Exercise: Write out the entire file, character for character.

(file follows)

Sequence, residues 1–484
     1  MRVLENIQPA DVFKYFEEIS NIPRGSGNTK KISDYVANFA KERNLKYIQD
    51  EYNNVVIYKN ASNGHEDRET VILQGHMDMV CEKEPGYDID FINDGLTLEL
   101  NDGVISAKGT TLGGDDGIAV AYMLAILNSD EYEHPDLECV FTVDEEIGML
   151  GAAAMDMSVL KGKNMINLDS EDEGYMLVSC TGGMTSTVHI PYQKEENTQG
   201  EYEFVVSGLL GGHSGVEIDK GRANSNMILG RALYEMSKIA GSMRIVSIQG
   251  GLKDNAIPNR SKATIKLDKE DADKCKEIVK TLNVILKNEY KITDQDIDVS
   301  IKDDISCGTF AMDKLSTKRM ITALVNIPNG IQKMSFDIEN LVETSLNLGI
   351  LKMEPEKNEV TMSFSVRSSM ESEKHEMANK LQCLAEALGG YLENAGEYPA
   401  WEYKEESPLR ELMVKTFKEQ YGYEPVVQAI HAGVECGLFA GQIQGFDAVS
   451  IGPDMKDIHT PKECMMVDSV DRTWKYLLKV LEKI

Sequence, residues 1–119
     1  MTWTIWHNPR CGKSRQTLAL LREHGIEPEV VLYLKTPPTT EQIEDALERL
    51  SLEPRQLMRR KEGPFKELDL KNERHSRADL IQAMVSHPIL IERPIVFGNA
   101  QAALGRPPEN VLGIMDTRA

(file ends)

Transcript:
Sequence, residues 1–484
     1  MRVLENIQPA DVFKYFEEIS NIPRGSGNTK KISDYVANFA KERNLKYIQD
    51  EYNNVVIYKN ASNGHEDRET VILQGHMDMV CEKEPGYDID FINDGLTLEL
   101  NDGVISAKGT TLGGDDGIAV AYMLAILNSD EYEHPDLECV FTVDEEIGML
   151  GAAAMDMSVL KGKNMINLDS EDEGYMLVSC TGGMTSTVHI PYQKEENTQG
   201  EYEFVVSGLL GGHSGVEIDK GRANSNMILG RALYEMSKIA GSMRIVSIQG
   251  GLKDNAIPNR SKATIKLDKE DADKCKEIVK TLNVILKNEY KITDQDIDVS
   301  IKDDISCGTF AMDKLSTKRM ITALVNIPNG IQKMSFDIEN LVETSLNLGI
   351  LKMEPEKNEV TMSFSVRSSM ESEKHEMANK LQCLAEALGG YLENAGEYPA
   401  WEYKEESPLR ELMVKTFKEQ YGYEPVVQAI HAGVECGLFA GQIQGFDAVS
   451  IGPDMKDIHT PKECMMVDSV DRTWKYLLKV LEKI

Sequence, residues 1–119
     1  MTWTIWHNPR CGKSRQTLAL LREHGIEPEV VLYLKTPPTT EQIEDALERL
    51  SLEPRQLMRR KEGPFKELDL KNERHSRADL IQAMVSHPIL IERPIVFGNA
   101  QAALGRPPEN VLGIMDTRA